Southwest Airlines expects fuel costs to rise as much as $600 million next year, and may add a surcharge to fares. Southwest has protected 85 percent of its fuel needs for this year at $26 per barrel of crude oil by using financial instruments known as hedges, limiting the effect of price variations. Next year’s hedges drop to 70 percent of its needs at $36 a barrel.

Houston aviation officials conducted their third and final public information session on proposed recommendations for the George Bush Intercontinental Airport master plan at the Humble Civic Center. After undergoing a review process, the airport’s planning team is now completing the final stages of the master plan process. The plan includes future development designs for the airfield, passenger terminal, access system and support facilities.

Natural gas prices are plunging after word that supplies have increased more than expected for the second week in a row. The Energy Information Administration has reported a build of 77 billion cubic feet in natural gas storage. That’s 11 billion more than analysts were expecting. And the injection comes in a week when about 32 billion cubic feet of Gulf of Mexico production remains shut in. Traders had pushed prices way above their all-time record high in the aftermath of the hurricanes, on speculation that lower storage and prolonged outages could lead to a buyers’ panic during the winter. That speculation probably can be put on ice for now. Total storage is just 106 billion cubic feet below last year’s record for the date, and 2.8 percent above the five-year average.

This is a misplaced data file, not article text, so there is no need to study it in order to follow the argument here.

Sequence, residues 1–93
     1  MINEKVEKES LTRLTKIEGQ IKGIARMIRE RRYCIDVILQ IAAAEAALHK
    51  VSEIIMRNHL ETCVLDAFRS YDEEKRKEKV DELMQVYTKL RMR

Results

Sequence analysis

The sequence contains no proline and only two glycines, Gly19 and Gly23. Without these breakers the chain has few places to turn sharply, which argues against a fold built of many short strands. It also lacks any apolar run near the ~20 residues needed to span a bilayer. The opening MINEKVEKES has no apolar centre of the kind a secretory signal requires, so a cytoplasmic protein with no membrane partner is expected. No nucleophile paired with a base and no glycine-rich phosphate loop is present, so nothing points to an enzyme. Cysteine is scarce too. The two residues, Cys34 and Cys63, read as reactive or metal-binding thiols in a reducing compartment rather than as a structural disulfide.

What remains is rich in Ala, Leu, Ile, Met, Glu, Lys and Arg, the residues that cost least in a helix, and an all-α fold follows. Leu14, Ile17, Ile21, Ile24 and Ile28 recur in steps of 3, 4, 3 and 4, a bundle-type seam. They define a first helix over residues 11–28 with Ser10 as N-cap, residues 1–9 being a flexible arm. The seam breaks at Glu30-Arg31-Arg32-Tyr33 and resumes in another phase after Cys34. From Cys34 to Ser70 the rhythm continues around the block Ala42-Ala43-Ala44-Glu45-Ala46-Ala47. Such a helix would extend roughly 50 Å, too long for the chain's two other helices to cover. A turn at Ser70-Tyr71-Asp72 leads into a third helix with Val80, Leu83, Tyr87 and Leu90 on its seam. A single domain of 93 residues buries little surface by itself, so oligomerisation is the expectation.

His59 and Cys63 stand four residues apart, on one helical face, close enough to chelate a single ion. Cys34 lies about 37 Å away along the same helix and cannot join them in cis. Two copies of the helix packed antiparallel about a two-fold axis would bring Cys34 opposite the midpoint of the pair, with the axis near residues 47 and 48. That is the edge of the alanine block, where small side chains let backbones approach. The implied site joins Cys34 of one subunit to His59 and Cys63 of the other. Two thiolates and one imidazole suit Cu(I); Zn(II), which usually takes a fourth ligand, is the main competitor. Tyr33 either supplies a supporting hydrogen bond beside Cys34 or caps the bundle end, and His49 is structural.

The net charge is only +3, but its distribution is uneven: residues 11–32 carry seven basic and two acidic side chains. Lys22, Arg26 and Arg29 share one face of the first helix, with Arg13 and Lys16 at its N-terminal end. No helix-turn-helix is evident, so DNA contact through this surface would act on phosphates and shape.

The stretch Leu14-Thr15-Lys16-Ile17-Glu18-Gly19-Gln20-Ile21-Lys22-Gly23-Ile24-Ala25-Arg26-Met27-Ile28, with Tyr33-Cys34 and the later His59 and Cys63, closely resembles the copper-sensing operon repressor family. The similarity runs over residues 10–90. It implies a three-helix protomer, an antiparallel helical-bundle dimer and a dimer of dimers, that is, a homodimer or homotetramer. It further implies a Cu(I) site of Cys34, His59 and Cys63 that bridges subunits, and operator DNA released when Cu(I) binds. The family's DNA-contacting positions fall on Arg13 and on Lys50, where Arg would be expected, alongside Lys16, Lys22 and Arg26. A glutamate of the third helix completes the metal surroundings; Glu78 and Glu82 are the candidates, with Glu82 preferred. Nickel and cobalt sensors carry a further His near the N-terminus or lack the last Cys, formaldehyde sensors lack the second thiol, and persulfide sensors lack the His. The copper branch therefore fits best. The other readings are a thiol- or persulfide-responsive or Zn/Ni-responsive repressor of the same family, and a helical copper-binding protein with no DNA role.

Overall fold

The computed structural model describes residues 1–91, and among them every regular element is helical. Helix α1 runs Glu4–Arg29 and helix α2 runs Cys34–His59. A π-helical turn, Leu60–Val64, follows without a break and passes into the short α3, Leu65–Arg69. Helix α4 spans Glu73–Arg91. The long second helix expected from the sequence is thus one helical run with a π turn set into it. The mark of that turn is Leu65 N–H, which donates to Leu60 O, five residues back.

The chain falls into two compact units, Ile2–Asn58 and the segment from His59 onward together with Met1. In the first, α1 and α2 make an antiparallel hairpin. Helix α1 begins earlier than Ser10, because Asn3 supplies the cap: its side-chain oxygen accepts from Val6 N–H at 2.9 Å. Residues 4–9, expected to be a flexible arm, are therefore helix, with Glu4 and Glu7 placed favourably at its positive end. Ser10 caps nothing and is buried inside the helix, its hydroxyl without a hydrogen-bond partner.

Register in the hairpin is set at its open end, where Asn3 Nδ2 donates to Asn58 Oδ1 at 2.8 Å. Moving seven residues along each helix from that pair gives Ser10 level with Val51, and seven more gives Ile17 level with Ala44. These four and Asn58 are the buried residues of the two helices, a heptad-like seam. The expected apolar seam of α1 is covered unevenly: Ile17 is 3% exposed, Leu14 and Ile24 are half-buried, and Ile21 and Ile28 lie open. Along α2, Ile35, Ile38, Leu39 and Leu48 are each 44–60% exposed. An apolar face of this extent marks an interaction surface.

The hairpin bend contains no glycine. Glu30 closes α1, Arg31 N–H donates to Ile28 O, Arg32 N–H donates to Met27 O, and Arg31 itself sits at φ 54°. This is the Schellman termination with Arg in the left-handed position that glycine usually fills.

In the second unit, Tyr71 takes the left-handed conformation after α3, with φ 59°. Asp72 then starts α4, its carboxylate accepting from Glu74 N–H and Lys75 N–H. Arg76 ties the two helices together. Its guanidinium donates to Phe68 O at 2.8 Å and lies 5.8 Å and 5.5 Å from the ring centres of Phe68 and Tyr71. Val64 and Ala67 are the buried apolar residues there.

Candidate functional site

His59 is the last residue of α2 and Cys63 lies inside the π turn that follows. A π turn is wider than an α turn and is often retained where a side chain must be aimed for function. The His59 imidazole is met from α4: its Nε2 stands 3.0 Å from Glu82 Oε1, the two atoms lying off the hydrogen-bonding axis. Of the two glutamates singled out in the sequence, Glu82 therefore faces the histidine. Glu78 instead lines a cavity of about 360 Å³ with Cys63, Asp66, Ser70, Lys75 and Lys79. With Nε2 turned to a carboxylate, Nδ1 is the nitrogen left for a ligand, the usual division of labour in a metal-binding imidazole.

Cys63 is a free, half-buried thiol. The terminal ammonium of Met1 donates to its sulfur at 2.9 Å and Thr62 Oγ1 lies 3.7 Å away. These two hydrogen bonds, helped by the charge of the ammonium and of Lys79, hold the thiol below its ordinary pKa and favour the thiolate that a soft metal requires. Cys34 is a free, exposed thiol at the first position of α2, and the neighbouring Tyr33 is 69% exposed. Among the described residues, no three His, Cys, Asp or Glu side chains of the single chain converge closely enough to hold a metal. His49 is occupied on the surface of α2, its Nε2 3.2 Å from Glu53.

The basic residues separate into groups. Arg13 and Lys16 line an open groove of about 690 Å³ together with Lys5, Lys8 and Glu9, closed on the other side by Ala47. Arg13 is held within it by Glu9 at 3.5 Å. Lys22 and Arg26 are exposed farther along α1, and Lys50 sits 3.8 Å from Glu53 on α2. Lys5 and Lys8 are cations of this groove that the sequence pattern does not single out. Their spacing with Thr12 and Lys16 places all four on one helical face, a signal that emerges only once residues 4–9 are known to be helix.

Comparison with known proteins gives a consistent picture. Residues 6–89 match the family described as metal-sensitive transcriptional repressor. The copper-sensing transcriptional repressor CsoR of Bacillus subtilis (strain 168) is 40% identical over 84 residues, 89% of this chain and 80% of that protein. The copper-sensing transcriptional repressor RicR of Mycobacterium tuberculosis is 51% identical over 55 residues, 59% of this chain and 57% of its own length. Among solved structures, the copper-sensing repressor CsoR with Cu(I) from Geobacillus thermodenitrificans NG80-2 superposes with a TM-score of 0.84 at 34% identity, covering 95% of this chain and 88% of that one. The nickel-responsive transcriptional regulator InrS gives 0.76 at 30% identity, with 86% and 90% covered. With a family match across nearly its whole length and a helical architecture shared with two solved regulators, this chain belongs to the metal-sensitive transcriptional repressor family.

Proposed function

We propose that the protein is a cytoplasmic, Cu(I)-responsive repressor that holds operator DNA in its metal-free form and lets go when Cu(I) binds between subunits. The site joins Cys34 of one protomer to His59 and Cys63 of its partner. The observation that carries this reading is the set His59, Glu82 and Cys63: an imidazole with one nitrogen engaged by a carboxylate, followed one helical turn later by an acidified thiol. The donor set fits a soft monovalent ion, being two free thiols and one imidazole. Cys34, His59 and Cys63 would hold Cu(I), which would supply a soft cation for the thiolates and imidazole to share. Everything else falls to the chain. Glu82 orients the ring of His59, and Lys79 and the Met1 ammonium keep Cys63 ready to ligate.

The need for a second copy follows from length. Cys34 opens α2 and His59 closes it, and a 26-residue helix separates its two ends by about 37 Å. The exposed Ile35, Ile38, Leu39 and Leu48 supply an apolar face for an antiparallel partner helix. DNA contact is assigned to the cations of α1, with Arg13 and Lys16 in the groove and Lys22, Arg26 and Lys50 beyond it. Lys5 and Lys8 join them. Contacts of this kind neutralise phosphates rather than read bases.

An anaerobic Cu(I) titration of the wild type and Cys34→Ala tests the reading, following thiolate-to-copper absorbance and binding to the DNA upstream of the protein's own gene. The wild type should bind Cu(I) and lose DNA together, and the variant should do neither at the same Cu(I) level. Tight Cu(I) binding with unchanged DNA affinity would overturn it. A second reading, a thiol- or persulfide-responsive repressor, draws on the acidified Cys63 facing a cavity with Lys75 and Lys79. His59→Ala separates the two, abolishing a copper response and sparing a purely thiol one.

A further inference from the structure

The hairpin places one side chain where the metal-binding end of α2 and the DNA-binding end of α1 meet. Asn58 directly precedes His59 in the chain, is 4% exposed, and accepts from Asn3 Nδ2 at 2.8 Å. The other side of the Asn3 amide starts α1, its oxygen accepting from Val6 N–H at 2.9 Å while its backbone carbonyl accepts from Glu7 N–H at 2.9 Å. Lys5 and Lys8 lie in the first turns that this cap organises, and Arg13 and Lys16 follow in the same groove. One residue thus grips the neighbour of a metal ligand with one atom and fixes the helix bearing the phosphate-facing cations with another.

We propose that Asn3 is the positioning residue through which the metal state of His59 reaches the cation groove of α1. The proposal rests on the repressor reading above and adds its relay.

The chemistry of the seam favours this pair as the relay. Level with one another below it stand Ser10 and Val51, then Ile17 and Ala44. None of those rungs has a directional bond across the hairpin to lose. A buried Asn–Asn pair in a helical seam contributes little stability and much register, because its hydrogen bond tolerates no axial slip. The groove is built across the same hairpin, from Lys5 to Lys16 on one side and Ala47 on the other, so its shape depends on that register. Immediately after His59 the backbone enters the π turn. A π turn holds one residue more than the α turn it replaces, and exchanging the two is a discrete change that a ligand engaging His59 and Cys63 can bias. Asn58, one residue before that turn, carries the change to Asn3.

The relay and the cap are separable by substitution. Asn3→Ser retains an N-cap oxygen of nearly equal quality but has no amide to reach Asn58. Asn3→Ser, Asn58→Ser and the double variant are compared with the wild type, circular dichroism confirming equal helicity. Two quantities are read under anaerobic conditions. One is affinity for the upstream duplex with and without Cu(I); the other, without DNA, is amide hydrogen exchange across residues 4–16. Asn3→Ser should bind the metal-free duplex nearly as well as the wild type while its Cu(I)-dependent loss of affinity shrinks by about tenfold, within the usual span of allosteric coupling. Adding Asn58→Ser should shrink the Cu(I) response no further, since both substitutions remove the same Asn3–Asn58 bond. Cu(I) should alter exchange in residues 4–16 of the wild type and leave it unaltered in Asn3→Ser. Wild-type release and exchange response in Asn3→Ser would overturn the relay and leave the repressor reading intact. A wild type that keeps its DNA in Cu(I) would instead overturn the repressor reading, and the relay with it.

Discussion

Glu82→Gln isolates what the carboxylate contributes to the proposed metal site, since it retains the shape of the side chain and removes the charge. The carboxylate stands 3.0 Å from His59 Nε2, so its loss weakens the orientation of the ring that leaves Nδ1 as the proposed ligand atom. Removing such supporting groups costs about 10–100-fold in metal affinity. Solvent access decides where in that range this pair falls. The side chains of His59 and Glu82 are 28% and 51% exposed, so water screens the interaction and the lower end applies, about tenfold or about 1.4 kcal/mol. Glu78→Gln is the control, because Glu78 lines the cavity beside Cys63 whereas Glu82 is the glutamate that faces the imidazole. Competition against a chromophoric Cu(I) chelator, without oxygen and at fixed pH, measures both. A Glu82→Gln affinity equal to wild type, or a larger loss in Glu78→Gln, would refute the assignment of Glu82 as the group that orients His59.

Profit more than tripled for Marathon Oil in the latest quarter due to higher oil and natural gas prices. The integrated oil company today reports earning $770 million in the third quarter. That compares to year-ago net income of $222 million. Income from refining and marketing climbed to $814 million from $391 million one year ago. Officials say the numbers were driven by higher refining and wholesale marketing margins due to recent hurricanes. Marathon’s Garyville, Louisiana and Texas City units have returned to operation after being shut downs because of Hurricanes Katrina and Rita.

Exxon Mobil, the largest publicly traded oil company in the world, says third-quarter profit surged in the face of higher crude-oil and natural-gas prices. That is despite damage to production caused by hurricanes. Net income soared to $9.9 billion. Excluding certain items, earnings were $8.3 billion. Revenues topped $100 billion in the quarter. The company cautions that reduced volumes and higher costs will also hurt the fourth quarter.

Houston-based Pogo Producing Company has been awarded drilling rights offshore Vietnam in the Phu Khanh Basin. Pogo joins Chevron and India’s Oil & Natural Gas Corporation in winning bids.

CenterPoint Energy is building a 168-mile pipeline from Texas to Louisiana in a ten-year deal to supply natural gas to XTO Energy. The $375 million pipeline from Carthage to the Perryville Hub is planned for completion by the winter of 2007.

Houston-based Enbridge Energy Partners is selling natural gas processing plants and pipelines to TexStar Field Services in a $106 million deal. TexStar is buying 748 miles of gas-gathering and transmission pipelines in Texas and Oklahoma, as well as the Eustace gas-processing plant and stakes in three other facilities.